Statin side effects: Weigh the benefits and risksStatin side effects can be uncomfortable, making it seem like the risks outweigh the benefits of these powerful cholesterol-lowering medications. Consider the risks and benefits.
By Mayo Clinic Staff
Doctors often prescribe statins for people with high cholesterol to lower their total cholesterol and reduce their risk of a heart attack or stroke. Most people taking statins will take them for the rest of their lives unless they can achieve normal cholesterol levels through diet, exercise, weight loss and nutritional supplements. This can make statin side effects more difficult to manage.
For some people, statin side effects can make it seem like the benefit of taking a statin isn't worth it. Before you decide to stop taking a statin, discover how statin side effects can be reduced.
What are statin side effects?
Muscle pain and damage
The most common statin side effect is muscle pain. You may feel this pain as a soreness, tiredness or weakness in your muscles. The pain can be a mild discomfort, or it can be severe enough to make your daily activities difficult. For example, you might find climbing stairs or walking to be uncomfortable or tiring.
Very rarely, statins can cause life-threatening muscle damage called rhabdomyolysis (rab-doe-mi-OL-ih-sis). Rhabdomyolysis can cause severe muscle pain, liver damage, kidney failure and death. Rhabdomyolysis can occur when you take statins in combination with certain drugs or if you take a high dose of statins.
Occasionally, statin use could cause your liver to increase its production of enzymes that help you digest food, drinks and medications. If the increase is only mild, you can continue to take the drug. Rarely, if the increase is severe, you may need to stop taking the drug. Your doctor might suggest a different statin. Certain other cholesterol-lowering drugs, such as gemfibrozil (Lopid) and niacin (Niacor, Niaspan), slightly increase the risk of liver problems in people who take statins.
Although liver problems are rare, your doctor will likely order a liver enzyme test before or shortly after you begin to take a statin. You shouldn't need any additional liver enzyme tests unless you begin to have signs or symptoms of trouble with your liver. Contact your doctor immediately if you have unusual fatigue or weakness, loss of appetite, pain in your upper abdomen, dark-colored urine, or yellowing of your skin or eyes.
Some people taking a statin may develop nausea, gas, diarrhea or constipation after taking a statin. These side effects are rare. Most people who have these side effects already have other problems with their digestive system. Taking your statin medication in the evening with a meal can reduce digestive side effects.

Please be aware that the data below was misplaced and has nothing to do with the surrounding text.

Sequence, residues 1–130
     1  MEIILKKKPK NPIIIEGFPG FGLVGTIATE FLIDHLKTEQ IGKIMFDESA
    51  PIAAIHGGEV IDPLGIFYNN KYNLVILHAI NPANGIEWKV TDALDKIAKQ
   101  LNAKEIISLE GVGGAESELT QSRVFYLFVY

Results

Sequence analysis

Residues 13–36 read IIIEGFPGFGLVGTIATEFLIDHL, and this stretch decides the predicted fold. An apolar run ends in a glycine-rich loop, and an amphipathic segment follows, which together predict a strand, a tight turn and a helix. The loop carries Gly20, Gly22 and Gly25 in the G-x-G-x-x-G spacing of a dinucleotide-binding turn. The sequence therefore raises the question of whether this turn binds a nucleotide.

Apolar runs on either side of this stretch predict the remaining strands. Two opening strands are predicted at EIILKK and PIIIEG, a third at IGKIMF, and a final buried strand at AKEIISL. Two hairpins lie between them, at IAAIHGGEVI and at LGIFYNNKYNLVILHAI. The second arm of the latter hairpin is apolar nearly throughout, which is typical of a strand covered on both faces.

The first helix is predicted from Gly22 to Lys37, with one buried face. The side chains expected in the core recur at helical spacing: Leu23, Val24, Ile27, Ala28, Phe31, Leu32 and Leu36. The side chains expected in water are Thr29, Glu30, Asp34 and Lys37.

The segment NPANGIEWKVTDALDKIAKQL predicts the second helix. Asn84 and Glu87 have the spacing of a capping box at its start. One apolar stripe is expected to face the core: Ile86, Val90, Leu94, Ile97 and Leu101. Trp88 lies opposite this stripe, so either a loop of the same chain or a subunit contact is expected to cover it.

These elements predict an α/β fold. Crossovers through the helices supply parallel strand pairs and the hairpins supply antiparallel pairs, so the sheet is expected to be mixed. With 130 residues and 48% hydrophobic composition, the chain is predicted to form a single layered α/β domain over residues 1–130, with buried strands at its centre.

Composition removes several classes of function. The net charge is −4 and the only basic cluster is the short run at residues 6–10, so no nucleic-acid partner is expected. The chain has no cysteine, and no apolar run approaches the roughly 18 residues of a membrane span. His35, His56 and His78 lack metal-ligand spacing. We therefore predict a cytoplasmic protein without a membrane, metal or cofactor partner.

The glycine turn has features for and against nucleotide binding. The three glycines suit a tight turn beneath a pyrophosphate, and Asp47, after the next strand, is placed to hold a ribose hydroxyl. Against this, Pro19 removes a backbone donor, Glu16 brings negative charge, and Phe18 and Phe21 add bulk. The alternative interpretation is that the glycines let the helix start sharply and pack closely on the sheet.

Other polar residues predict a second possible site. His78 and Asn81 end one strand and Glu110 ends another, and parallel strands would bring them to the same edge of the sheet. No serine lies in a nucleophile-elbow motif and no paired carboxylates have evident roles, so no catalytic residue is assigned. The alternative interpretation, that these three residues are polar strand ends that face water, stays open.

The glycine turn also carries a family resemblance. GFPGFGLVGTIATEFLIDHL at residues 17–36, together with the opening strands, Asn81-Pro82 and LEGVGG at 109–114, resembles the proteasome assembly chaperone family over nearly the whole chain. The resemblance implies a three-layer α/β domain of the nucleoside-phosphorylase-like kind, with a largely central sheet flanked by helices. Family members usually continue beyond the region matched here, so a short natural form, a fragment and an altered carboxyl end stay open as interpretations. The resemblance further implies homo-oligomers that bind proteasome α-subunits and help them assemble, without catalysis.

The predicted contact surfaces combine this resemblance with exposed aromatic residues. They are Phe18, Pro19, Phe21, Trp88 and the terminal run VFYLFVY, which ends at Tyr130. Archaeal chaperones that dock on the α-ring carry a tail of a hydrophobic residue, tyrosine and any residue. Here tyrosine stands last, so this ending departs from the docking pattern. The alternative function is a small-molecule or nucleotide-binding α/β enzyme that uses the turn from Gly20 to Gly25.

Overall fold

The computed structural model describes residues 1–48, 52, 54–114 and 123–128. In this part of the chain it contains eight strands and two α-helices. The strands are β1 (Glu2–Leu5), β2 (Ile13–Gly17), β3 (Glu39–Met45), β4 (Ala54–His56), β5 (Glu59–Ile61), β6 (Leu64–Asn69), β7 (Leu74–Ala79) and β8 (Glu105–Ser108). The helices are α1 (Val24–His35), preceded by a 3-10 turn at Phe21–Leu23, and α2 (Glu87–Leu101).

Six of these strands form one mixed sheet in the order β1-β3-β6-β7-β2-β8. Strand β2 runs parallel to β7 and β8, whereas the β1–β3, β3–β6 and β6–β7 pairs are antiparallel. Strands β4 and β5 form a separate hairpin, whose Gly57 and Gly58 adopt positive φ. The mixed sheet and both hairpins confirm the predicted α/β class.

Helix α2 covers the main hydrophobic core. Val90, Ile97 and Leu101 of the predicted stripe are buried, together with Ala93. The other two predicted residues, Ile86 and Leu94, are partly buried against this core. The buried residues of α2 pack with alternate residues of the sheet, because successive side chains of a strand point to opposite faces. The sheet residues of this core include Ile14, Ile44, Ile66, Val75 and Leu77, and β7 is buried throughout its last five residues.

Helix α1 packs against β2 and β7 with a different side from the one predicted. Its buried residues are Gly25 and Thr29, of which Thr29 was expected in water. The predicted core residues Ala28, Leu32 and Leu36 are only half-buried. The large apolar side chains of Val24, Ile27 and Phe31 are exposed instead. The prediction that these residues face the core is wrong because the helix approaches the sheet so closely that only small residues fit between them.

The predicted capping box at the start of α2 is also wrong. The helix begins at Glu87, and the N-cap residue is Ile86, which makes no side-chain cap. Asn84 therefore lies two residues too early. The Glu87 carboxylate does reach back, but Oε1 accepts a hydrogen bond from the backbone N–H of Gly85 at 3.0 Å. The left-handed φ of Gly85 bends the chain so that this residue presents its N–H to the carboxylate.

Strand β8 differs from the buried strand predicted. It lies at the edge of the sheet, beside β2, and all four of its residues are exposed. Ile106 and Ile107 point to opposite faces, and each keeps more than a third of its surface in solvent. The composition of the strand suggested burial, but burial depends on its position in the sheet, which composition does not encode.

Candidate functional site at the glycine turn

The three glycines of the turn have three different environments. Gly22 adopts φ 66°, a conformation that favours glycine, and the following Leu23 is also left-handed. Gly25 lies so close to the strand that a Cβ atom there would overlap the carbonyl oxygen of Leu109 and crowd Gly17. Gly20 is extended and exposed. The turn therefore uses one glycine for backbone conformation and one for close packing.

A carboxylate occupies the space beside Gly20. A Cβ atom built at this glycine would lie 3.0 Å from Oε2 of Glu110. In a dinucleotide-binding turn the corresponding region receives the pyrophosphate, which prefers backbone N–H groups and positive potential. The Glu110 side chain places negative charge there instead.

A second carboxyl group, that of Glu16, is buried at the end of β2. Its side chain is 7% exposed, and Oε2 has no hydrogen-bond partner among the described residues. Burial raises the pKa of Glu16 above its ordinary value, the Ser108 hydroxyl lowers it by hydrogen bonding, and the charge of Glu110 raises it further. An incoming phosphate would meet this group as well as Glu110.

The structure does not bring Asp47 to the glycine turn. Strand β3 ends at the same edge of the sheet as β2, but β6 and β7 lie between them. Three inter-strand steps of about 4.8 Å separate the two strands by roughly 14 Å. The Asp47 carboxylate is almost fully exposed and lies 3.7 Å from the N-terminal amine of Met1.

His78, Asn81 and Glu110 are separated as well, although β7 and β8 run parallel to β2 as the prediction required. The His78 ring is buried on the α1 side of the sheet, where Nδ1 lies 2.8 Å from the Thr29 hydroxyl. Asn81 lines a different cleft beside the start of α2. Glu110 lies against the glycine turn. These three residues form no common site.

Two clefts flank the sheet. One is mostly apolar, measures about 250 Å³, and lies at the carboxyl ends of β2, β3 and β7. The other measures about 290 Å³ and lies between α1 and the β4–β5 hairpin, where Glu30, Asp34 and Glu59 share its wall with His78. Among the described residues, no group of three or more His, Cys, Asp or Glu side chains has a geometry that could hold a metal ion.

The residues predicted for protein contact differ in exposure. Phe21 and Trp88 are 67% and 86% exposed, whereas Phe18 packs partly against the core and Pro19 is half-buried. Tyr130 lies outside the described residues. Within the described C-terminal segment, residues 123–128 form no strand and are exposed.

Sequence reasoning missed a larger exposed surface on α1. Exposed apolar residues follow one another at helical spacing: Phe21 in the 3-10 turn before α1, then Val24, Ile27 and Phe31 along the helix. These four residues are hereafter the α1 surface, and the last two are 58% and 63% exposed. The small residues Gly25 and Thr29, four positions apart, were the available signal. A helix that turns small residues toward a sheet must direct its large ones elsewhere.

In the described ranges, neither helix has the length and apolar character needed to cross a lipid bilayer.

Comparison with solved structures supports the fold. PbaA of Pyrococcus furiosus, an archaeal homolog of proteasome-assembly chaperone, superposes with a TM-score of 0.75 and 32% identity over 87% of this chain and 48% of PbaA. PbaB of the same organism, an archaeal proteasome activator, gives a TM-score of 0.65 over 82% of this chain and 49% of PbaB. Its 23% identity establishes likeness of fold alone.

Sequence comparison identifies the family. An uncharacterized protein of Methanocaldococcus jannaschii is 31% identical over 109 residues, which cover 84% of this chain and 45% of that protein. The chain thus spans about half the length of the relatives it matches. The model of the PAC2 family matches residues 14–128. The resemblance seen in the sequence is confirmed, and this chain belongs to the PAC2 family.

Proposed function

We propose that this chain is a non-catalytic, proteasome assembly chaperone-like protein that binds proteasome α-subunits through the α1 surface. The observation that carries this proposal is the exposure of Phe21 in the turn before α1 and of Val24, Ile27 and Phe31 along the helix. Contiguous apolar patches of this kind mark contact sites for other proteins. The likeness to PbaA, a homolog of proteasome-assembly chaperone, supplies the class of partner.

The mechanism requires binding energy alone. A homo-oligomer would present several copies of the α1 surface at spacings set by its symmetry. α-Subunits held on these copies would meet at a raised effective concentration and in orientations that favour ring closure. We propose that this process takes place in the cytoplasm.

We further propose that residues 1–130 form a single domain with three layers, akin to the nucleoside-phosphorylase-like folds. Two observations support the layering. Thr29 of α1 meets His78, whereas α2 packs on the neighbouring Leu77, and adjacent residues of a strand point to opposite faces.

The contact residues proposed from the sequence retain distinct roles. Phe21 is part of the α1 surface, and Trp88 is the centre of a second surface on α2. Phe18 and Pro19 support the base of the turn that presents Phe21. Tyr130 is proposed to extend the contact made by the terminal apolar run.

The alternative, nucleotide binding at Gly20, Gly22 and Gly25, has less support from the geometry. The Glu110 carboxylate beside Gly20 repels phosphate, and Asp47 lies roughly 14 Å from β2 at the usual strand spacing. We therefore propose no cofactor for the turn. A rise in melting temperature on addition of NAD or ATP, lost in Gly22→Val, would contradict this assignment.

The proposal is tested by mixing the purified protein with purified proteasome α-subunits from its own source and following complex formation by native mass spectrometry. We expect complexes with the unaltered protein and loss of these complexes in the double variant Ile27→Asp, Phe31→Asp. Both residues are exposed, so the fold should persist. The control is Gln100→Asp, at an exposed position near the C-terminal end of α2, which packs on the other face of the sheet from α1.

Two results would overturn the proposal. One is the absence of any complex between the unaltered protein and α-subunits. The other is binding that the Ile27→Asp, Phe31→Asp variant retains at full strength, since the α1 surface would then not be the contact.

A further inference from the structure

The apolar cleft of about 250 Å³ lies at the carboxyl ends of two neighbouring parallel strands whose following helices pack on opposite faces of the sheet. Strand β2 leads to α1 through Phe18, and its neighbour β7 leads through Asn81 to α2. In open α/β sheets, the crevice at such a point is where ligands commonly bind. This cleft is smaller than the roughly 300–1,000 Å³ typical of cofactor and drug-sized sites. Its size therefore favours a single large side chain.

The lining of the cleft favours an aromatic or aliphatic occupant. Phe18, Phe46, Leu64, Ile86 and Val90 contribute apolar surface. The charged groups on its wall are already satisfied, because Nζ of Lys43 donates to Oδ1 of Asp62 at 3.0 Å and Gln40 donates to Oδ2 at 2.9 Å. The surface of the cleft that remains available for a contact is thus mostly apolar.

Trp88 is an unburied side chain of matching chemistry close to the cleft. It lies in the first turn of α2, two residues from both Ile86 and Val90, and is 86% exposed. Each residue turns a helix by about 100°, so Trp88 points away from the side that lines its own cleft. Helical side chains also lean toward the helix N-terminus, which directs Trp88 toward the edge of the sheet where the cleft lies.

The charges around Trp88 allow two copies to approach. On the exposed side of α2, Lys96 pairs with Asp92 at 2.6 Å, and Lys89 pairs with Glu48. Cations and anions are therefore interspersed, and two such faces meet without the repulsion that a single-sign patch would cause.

Rash or flushing
You could develop a rash or flushing after you start taking a statin. If you take a statin and niacin, either in a combination pill such as Simcor or as two separate medications, you're more likely to have this side effect. Taking aspirin before taking your statin medication may help, but talk to your doctor first.
Increased blood sugar or type 2 diabetes
It's possible your blood sugar (blood glucose) level may increase when you take a statin, which may lead to developing type 2 diabetes. The risk is small but important enough that the Food and Drug Administration (FDA) has issued a warning on statin labels regarding blood glucose levels and diabetes. Talk to your doctor if you have concerns.
Neurological side effects
The FDA warns on statin labels that some people have developed memory loss or confusion while taking statins. These side effects reverse once you stop taking the medication. Talk to your doctor if you experience memory loss or confusion. There has also been evidence that statins may help with brain function — in patients with dementia or Alzheimer's, for example. This is still being studied. Don't stop taking your statin medication before talking to your doctor.
Who's at risk of developing statin side effects?
Not everyone who takes a statin will have side effects, but some people may be at a greater risk than are others. Risk factors include:
- Taking multiple medications to lower your cholesterol
- Being female
- Having a smaller body frame
- Being age 65 or older
- Having kidney or liver disease
- Having type 1 or 2 diabetes
- Drinking too much alcohol (More than two drinks a day for men age 65 and younger and more than one drink a day for women of all ages and men older than 65)
What causes statin side effects?
It's unclear what causes statin side effects, especially muscle pain.
Statins work by slowing your body's production of cholesterol. Your body produces all the cholesterol it needs by digesting food and producing new cells on its own. When this natural production is slowed, your body begins to draw the cholesterol it needs from the food you eat, lowering your total cholesterol.
Statins may affect not only your liver's production of cholesterol but also several enzymes in muscle cells that are responsible for muscle growth. The effects of statins on these cells may be the cause of muscle aches.
Apr. 24, 2013
See more In-depth
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